Did you identify yourself, as there is very little information out there about asexuality?

I did, but mainly because I didn’t know much about the LGBTQIA+ Community. After a friend of mine told me that ‘grey-ace’ was a thing I did a Google search and found some resources that really made me feel like I wasn’t the only one that felt this way.

Have you told any of your friends and family and how did they react?

I have not told my family. A few friends know because they helped me figure it out. They didn’t really mind at all, and just accepted it.

Do you think there is such a thing as ‘Acephobia’?

I totally do! People tend to fear what they don’t understand. It’s “hard” to comprehend someone not wanting sex. Sex is made out to be something you have to do to be normal, which is completely wrong.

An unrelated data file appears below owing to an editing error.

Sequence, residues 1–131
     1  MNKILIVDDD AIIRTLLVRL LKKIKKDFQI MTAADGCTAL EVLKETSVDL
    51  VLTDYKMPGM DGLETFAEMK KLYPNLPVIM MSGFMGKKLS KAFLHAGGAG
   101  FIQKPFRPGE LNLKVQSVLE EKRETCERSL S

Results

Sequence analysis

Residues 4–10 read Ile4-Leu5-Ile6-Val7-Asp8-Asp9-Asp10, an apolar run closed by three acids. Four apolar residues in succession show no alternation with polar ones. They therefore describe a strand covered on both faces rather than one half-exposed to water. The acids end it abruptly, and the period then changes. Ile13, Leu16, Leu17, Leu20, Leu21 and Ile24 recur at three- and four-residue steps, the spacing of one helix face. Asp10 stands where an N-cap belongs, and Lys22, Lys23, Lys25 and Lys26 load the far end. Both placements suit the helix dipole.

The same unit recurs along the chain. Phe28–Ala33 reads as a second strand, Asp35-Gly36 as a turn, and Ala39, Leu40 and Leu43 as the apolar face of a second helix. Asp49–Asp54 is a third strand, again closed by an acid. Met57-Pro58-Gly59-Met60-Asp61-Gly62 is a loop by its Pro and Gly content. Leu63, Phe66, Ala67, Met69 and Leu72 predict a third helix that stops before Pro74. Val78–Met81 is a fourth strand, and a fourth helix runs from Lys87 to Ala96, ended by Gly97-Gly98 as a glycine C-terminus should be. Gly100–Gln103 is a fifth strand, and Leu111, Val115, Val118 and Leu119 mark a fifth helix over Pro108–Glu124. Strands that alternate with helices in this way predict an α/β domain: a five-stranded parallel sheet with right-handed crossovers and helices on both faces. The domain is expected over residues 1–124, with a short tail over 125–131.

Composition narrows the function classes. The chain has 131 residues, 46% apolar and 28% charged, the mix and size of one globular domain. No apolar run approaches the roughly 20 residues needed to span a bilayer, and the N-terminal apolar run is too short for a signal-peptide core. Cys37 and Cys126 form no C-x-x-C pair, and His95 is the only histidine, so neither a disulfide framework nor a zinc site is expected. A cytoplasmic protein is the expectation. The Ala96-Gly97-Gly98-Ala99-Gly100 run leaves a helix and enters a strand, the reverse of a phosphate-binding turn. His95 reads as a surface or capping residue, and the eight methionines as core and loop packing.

Some aces form relationships and adopt or have children. Is that something you would consider?

I definitely want a partner. I want to share my life with someone. Children though? That’s a maybe. Kids, for me, are so exhausting and time-consuming. 

Where do you see yourself in five years’ time?

I see myself in some kind of communications job, maybe a Social Media Director. I might be going back to school to get a degree in Business or Business Administration.

What message would you like to send out there for the people who are questioning their sexuality and feel that they may be asexual?

There is nothing wrong with you or the way you feel. There is nothing wrong at all! I know that it feels like you’re alone and that no one could ever understand. I’m here. There’s a community. Just reach out and we’ll help you.


This is an online forum I found where you can talk to others.

The Asexuality Visibility and Education Network:

Follow Remington Miller on twitter at @remmingtom